Electricity and safety

Electric Kids lesson plans and  worksheets from Endeavour Energy, written to cover the NSW Science and Technology and PDHPE syllabus for Years 5 and 6 (Stage 3).

Children’s books about electricity

Oscar and the Bird for preschoolers and early primary51j1zrjqxvl-_sy344_bo1204203200_


Electrical Wizard (How Nikolai Tesla lit up the world). Aimed at 7-10 year olds.


The Manga Guide to Electricity. For age 9 and up.


The Boy Who Harnessed the Wind Before William Kamkwamba’s determination to build a windmill for his village in Malawi, only 2% of Malawians had electricity or running water. This Young Readers Edition has been edited for children from about Grade 5 level upwards; there is another book with the same title aimed at children at high school.


More activities

For more activities, including loads of printables, look on


CSIRO news article about the dangers of fossil fuels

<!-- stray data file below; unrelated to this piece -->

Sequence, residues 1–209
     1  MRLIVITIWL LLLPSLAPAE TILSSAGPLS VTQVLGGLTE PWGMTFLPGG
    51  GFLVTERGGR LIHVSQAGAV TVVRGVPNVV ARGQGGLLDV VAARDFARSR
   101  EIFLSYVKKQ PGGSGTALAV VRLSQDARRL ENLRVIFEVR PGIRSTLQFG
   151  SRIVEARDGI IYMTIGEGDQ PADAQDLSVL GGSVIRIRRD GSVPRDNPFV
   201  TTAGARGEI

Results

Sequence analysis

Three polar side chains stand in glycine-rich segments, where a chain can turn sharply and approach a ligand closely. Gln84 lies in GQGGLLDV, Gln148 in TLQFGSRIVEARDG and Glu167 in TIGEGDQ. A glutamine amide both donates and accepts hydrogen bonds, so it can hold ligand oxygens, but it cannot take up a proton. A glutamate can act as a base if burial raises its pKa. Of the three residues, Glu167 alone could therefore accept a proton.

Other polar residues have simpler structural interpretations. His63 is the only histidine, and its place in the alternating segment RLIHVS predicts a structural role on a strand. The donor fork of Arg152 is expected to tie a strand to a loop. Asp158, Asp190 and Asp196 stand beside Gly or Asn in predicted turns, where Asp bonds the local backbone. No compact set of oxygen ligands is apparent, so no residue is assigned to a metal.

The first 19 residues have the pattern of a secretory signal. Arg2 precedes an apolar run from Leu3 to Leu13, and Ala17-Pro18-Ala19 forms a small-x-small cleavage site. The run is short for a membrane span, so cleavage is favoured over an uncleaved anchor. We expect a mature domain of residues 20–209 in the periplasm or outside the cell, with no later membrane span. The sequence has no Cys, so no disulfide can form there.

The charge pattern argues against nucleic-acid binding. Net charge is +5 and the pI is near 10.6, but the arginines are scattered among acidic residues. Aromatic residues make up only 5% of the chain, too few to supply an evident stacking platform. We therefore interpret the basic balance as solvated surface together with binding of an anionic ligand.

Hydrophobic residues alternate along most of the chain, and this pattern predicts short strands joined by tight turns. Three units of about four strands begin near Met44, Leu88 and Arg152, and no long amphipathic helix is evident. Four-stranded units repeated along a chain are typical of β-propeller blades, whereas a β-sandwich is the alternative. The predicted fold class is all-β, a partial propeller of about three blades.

KQED article about storing power from solar electricity generation

KQED article about the Tesla battery factory

Some resources for inspiring your kids about science

These mostly cover the first four weeks of my classes on ‘Changes to the Earth’s Surface’. We get through a lot of cool stuff, as you can see.

General Science, and Evolution

“Building Foundations of Scientific Understanding” (book) by Bernie Nebel. This is the first book in a series of four, aimed at primary-aged children. I like his books and his approach to teaching science. This book is designed in four strands, roughly Chemistry, Physics, Biology and Earth and Space Science. He doesn’t shy away from exposing young children to high-level concepts, but each lesson builds on the one before and he always says what prior knowledge he expects.